The first notable centres were found in the Arab worlds of Damascus, Baghdad, Cordoba and Cairo from the 8th to the 12th centuries, the second in the Turco-Iranian worlds of Istanbul, Isfahan, Bukhara, Samarqand and Delhi from the 14th to the 17th centuries. There were great achievements in scholarship and science, in poetry and prose, and in the arts of the book, building and spiritual insight, which are precious legacies to all humankind. For about half of what is termed the Christian era Muslims could regard themselves as marching at the forefront of human progress. Over the same period, the odd crusade or loss of Spain aside, they could regard the community of believers created by God’s revelation to man through the Prophet Muhammad as walking hand in hand with power.
Over the past two hundred years the Islamic world system has been overwhelmed by forces from the West, forces driven by capitalism, powered by the Industrial Revolution and civilised, after a fashion, by the Enlightenment. The symbolic moment, when the leader’s standard overtly passed to the West, was Napoleon’s invasion of Egypt in 1798. From this moment Western armies and Western capital overran the lands of the Muslims: the British took India, the British and Dutch South East Asia, the British, French, Germans and Italians, North, East and West Africa, the Russians swamped Central Asia, and the British and French carved up West Asia between them. By the 1920s Afghanistan, Iran, Turkey, Central Arabia and the Yemen were the only Muslim countries free from Western control, and even some of these were subject to influence. The caliphate, the symbolic leadership for the community of believers, which reached back to the Prophet, had been abolished. For a moment it was feared that the holy places of Islam, Mecca and Medina, might fall into the hands of the infidel. The community of believers, which for so many centuries had walked hand in hand with power, had good reason to believe that history if not God had deserted it.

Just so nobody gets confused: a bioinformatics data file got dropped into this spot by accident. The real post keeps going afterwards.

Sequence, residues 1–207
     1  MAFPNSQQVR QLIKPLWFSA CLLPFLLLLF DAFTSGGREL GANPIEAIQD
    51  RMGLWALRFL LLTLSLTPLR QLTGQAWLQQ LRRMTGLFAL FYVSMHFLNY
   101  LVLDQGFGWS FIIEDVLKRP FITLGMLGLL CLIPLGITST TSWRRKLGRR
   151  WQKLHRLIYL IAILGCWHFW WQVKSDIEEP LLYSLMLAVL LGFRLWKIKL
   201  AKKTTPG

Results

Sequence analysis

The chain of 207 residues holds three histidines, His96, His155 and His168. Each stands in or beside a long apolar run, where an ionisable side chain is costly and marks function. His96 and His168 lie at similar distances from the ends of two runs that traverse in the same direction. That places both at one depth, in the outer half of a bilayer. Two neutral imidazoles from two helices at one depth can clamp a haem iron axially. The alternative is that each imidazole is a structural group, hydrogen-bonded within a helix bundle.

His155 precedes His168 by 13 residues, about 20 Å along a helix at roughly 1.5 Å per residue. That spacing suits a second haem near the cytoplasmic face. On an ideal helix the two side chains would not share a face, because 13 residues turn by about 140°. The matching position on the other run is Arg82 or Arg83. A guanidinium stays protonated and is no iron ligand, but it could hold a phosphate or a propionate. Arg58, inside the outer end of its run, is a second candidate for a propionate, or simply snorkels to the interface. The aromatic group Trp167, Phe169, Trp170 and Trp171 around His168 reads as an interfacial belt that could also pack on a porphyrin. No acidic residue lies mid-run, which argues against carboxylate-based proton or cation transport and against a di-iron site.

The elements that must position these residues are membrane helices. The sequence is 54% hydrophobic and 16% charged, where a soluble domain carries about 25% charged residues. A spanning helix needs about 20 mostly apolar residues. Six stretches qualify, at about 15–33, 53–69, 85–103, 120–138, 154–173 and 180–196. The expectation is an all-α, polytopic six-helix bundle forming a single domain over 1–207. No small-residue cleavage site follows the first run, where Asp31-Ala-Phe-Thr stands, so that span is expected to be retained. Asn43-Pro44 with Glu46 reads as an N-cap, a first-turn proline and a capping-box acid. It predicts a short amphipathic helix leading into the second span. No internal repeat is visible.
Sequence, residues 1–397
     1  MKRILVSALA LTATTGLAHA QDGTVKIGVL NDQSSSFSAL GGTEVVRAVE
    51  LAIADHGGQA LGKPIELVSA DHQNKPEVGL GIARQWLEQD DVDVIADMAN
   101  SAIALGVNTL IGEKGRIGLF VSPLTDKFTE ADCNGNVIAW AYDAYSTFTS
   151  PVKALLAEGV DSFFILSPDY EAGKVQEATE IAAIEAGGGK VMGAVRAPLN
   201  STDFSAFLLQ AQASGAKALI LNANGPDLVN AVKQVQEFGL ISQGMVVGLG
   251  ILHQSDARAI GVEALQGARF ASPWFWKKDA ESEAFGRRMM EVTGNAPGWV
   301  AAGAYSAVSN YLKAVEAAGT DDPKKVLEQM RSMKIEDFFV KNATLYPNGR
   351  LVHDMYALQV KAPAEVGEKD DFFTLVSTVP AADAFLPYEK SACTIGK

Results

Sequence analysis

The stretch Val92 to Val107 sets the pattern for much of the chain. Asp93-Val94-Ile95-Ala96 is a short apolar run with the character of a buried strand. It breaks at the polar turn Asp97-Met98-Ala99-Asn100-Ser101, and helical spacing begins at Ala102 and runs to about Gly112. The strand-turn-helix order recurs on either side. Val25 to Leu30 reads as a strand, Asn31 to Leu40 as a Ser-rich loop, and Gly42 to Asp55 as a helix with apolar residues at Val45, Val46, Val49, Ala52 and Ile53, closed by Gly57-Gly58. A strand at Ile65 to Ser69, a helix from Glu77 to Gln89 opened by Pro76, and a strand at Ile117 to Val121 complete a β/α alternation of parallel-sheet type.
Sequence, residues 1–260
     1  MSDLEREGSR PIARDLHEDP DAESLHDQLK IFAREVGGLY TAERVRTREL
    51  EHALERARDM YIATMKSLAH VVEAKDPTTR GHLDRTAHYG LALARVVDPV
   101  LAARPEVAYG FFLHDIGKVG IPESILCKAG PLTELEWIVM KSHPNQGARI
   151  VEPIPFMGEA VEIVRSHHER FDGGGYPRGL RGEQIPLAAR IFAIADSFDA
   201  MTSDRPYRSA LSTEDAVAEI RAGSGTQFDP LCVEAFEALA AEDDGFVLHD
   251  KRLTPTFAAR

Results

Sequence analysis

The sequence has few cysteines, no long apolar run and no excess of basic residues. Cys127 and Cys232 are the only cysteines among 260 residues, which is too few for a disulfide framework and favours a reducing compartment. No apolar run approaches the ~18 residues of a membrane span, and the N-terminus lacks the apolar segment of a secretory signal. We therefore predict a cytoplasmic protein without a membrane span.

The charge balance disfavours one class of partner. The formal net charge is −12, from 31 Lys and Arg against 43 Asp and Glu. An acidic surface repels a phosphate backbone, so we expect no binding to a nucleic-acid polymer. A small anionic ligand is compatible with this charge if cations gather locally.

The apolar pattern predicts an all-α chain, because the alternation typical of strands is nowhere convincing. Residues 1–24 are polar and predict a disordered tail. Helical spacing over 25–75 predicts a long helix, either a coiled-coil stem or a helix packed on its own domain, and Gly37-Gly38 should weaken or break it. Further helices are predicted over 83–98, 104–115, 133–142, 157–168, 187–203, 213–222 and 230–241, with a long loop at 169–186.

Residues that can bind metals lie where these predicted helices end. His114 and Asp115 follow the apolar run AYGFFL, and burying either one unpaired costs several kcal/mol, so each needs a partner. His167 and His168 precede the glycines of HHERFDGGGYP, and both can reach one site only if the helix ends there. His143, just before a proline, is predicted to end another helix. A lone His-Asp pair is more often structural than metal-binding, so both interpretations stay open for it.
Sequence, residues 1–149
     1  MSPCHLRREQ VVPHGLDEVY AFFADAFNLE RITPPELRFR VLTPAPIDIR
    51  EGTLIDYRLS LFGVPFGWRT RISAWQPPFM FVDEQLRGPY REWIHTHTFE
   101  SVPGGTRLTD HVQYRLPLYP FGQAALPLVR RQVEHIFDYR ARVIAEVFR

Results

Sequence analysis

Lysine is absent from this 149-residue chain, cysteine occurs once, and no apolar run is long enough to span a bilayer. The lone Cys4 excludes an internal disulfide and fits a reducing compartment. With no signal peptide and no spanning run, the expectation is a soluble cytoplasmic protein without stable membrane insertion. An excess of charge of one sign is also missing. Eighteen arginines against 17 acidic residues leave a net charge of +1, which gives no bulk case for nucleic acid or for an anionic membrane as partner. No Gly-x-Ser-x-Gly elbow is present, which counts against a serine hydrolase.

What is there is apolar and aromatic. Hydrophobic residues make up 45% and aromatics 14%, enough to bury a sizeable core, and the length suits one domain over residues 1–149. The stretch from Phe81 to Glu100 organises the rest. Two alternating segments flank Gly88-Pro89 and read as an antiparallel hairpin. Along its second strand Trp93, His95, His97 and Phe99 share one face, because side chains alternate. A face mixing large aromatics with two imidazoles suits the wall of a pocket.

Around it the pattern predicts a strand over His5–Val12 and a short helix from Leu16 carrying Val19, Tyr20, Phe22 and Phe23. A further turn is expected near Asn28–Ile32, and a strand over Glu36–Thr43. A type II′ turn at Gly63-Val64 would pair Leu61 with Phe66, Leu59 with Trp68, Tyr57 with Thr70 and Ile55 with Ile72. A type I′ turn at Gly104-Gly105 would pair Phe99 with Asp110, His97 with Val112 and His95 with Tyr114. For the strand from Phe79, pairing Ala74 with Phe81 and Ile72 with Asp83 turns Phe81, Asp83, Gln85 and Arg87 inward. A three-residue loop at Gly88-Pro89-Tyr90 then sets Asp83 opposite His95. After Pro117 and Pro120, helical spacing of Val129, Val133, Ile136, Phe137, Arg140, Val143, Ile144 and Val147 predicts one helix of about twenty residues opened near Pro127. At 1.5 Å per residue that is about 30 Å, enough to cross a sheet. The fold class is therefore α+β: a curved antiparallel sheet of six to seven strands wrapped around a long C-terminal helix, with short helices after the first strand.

For the remainder of the 20th century matters did not seem a great deal better. Certainly, from the emergence of modern Turkey in the early 1920s to that of the Muslim republics of the former Soviet Union in the 1990s, we could talk of a steady decolonisation of the Muslim world – at least in the formal sense.